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Transmission dynamics of dengue and climate change

Transmission dynamics of dengue and chikungunya in changing climate is going to be a concern. Due to climate change and urbanization, disease-carrying mosquitoes are expected to break new ground, but new research suggests that rising temperatures may slow the spread of at least one infection: dengue fever.

Research published in the PLOS journal Neglected Tropical Diseases on July 22 shows that mosquitoes carrying the dengue virus are more susceptible to extreme heat than uninfected mosquitoes. Scientists reported last month that in the area where Wolbachia mosquitoes were released in Yogyakarta, Indonesia, the incidence of confirmed dengue fever cases has dropped by 77%. The research team found that mosquitoes infected with Wolbachia are also more susceptible to heat. Researchers found that mosquitoes infected with Wolbachia or Dengue virus scattered to the bottom of the bottle 2.5 times and 5 times faster than uninfected mosquitoes. Thus transmission dynamics of dengue and chikungunya is affecting in climate change.

In addition, mosquitoes carrying infections did not die faster. Experiments are also needed to study mosquitoes in different parts of the world and in more realistic environments, where mosquitoes can take measures to prevent overheating. In the 1950s, severe dengue fever was first detected in the dengue fever epidemics in the Philippines and Thailand. Climate change and geogra

The World Health Organization divides dengue fever into two major categories: dengue fever and severe dengue fever. The classification of dengue fever with or without warning signs aims to help healthcare providers classify hospitalized patients, ensure close monitoring, and minimize the risk of developing the most serious form of dengue fever. Fluid retention, shortness of breath, heavy bleeding, or organ damage. In severe dengue fever, medical care by doctors and nurses experienced in controlling the consequences and progression of the disease can save lives and reduce the mortality rate from more than 20% to less than 1%.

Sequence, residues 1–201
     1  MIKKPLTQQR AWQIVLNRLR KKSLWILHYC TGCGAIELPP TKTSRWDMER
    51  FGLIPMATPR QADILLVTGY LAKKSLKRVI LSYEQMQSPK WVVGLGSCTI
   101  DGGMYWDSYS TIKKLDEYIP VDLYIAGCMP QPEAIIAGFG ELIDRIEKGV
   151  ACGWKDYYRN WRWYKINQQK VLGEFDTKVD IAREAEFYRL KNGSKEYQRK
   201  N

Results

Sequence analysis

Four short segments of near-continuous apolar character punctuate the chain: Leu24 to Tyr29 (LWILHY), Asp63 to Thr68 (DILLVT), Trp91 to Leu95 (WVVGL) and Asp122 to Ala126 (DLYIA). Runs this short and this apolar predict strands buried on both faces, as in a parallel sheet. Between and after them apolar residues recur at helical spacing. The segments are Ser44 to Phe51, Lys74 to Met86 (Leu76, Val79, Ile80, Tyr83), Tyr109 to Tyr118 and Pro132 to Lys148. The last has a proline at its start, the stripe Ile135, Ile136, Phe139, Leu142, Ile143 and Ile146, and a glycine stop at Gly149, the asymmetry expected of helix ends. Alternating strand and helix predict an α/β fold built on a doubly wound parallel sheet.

The amount of fluid in the patient’s body is critical to the treatment of severe dengue fever. The analysis showed that compared with unvaccinated participants, the subgroup of study participants who were seronegative at the time of first vaccination had more severe dengue fever and an increased risk of dengue hospitalization. It collects official reports of dengue fever and severe dengue fever from more than 100 member states; according to a new study in Kenya, floods have increased the number of Aedes aegypti mosquitoes.

As extreme weather conditions such as climate change and floods are expected to become more frequent and severe, this may lead to the outbreak of mosquito-borne diseases such as dengue fever in the next few years. The author points out that although the new article does not state that an increase in the number of mosquitoes will increase the risk of infection, the association between an increase in the number of mosquitoes and disease outbreaks deserves further investigation. Thus transmission of dengue and other vector borne diseases are getting affected by climate change.

One particular aspect of this question remains unanswered: How do frequent and severe floods affect your population? According to a new Kenyan study published in the journal Neglected Tropical Diseases of the Public Library of Science, all this extra water can help mosquitoes reproduce.

Nosrat said his data was not recorded because the mosquito population is more sensitive to the microclimate. As rainfall becomes more unpredictable, climate change is expected to cause more frequent and severe flooding. Dengue fever experts said that global warming caused by climate change is the main reason for the increase in the incidence of dengue fever. They said that due to global warming, dengue fever in many countries in South Asia has worsened, and temperatures between 27 and 32 degrees Celsius are ideal habitats for Aedes mosquitoes.

Mosquitoes are carriers of viral diseases and multiply. Experts recently stated in the “Daily Star” that Dhaka is hot and humid, and urbanization is developing rapidly. Occasionally rains are still prone to dengue fever. “Climate change is one of the main reasons for the increase in the prevalence of dengue fever in Bangladesh. MM. Ahtaruzzaman, Malaria and Dengue Fever Project Manager, Directorate General of Health Services, said: “The hot and humid climate coupled with intermittent rains promote the reproduction of Aedes mosquitoes, and Dhaka is like this.”

The ideal place to do. “Dr S. M. Munjurul Hannan Khan, Assistant Minister of the Ministry of Environment, Forests and Climate Change, said that climate change is creating favourable conditions for many vector-borne diseases. Diseases include dengue fever. Another study published in the journal Nature Microbiology and published by the New York Times on June 10 stated that climate change will increase the spread of dengue fever. According to estimates by the World Health Organization, it may be 50,100. Indeed transmission dynamics of dengue and other vector borne disease are sesitive o climate change.

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